Modified martingale/progressive concepts

Discussion in 'Risk Management' started by virtualmoney, May 12, 2009.

  1. Instead of "Building up" positions with martingale/anti-martingale style, how about just closing each trade on it's own with any directional method (with fixed target spacing) but increasing the next trade's size progressively after a losing trade and reducing the size after a winning trade...

    EA trade ************** hedge trade
    0.01, lose ************** 0.01, win
    0.02, lose ************** 0.01, win
    0.03, lose ************** 0.01, win
    0.04, win ************** 0.01, lose
    0.03, lose ************** 0.01, win
    0.04, lose ************** 0.01, win
    0.05, win ************** 0.01, lose
    0.04, win ************** 0.01, lose

    If the strategy has 4 losses in a row, throw it away.
    Then the system will at least breakeven when it has 2 winners in a row...
    In this example, lose = 0.13, win = 0.13, it breakeven with only 3 winning trades & 5 losing trades. The hedge side with the exact opposite profit target spacing gives the overall system some extra pips.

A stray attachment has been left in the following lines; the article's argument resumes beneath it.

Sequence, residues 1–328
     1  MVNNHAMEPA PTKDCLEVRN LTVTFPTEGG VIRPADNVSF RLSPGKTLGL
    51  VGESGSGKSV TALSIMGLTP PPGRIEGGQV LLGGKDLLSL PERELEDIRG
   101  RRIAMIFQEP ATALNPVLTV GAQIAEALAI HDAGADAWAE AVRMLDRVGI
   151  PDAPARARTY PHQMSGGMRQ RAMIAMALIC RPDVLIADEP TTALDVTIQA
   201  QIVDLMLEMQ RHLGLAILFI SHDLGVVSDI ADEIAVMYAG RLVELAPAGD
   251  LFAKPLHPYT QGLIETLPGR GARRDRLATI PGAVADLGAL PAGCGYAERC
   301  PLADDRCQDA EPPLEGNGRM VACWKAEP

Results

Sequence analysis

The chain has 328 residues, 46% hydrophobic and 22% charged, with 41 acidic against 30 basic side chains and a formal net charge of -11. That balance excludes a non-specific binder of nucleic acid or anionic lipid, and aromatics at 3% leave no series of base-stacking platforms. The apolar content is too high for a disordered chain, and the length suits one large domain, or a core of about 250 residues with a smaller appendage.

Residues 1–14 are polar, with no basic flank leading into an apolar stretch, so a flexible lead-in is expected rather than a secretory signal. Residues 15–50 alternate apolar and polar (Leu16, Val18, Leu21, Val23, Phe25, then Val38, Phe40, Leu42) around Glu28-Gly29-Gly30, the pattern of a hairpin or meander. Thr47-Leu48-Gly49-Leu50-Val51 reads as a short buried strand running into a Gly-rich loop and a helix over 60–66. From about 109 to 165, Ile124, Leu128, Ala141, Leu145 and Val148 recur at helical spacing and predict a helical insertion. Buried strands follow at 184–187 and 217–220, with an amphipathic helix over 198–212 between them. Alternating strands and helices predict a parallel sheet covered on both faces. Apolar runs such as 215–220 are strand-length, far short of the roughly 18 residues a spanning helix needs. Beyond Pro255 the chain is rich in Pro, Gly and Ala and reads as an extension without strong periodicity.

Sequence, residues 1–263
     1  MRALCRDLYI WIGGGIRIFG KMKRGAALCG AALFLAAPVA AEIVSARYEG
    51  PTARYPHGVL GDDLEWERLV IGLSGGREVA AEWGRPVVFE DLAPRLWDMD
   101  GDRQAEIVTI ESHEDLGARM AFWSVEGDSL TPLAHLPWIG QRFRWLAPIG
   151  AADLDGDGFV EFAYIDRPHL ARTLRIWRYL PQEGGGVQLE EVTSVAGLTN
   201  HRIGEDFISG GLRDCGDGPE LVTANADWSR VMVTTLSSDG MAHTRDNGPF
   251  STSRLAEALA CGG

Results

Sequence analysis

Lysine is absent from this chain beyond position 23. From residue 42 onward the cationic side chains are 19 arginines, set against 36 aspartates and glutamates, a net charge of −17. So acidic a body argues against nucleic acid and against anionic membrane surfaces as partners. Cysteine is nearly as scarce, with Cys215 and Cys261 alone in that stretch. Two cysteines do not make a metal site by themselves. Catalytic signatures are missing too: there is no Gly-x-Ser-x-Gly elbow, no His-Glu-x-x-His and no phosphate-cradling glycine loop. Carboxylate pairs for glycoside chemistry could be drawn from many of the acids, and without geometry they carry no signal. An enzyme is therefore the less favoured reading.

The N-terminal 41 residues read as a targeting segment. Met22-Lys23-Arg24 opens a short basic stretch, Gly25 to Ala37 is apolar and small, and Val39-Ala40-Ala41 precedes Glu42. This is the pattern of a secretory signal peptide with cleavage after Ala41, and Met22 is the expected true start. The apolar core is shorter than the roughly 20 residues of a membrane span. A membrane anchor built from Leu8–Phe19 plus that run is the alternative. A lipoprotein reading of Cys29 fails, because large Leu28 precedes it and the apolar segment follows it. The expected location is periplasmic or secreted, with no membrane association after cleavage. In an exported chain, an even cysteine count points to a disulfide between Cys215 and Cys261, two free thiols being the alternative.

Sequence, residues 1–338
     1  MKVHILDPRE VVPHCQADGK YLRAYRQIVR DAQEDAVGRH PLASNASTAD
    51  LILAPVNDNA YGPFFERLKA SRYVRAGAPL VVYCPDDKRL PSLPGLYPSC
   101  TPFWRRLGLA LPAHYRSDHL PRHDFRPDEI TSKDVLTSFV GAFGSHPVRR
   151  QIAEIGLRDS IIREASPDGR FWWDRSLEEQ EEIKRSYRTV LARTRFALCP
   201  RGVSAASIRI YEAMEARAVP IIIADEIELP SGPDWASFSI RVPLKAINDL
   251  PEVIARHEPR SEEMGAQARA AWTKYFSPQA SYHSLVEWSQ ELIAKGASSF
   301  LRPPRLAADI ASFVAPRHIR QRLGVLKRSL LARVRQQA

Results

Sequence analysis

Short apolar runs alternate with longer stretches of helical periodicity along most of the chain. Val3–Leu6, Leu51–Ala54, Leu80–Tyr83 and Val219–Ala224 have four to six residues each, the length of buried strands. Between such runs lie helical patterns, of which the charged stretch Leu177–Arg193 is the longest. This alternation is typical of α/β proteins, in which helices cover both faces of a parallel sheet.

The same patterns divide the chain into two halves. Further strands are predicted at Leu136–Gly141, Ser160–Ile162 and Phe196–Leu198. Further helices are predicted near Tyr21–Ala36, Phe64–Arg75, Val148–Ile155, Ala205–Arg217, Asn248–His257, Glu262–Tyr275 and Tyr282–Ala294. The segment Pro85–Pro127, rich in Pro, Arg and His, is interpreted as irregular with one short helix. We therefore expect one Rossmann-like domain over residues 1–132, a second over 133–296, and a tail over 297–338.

Please share your thoughts on how to improve this or a modified progressive/martingale system that does not accumulate positions.:confused:
  2. You can massage this all you want, but 6 months from now, it will not put you closer to making money. A perpetual motion machine is a perpetual motion machine - in other words, it does not exist.
  3. The point is to discuss further how to improve progressions/ martingales that does not accumulate positions in a single direction which is bad in trending market..
    direction depends on independent bets/signals of strategy...

    For example, how to adjust these methods to trading:
  4. MGJ


    Wouldn't it be cool if you could somehow watch these concepts in action? Something like a computer simulation "test", with a historical stream of market prices that triggers lots of trades to be entered and exited (some at a profit, others at a loss), and applying your idea of how much to risk or wager or bet on each trade. You could even make it deal with the real-world, real-life situation of trading a portfolio of currencypairs (or stocks, or ETFs, or futures, or spreadbets, or CFDs) where you've got several trades open and fluctuating simultaneously.

    Boy would that be nifty -- and USEFUL. You could test back in time to see what woulda, coulda, mighta happened, if only you possessed this trade management idea in 1997. Yeah, that's the ticket. Test back in time! Sure! Let's call this "backtesting," it seems like a great idea.
  5. monti1a


    Why don't you try this simple concept that works in both TRADING and POKER:

    ALWAYS "throw-away" all "Bad" Hands/Trades, and ALWAYS "go all-in" on all "Good" Hands/Trades.

    Of course, when I mean "go-all-in", I don't mean risk your entire account, but instead put on a larger position than normal that is within reason.
  6. This looks more like modified D'lambert than modified Martingale.
  7. They are both negative progression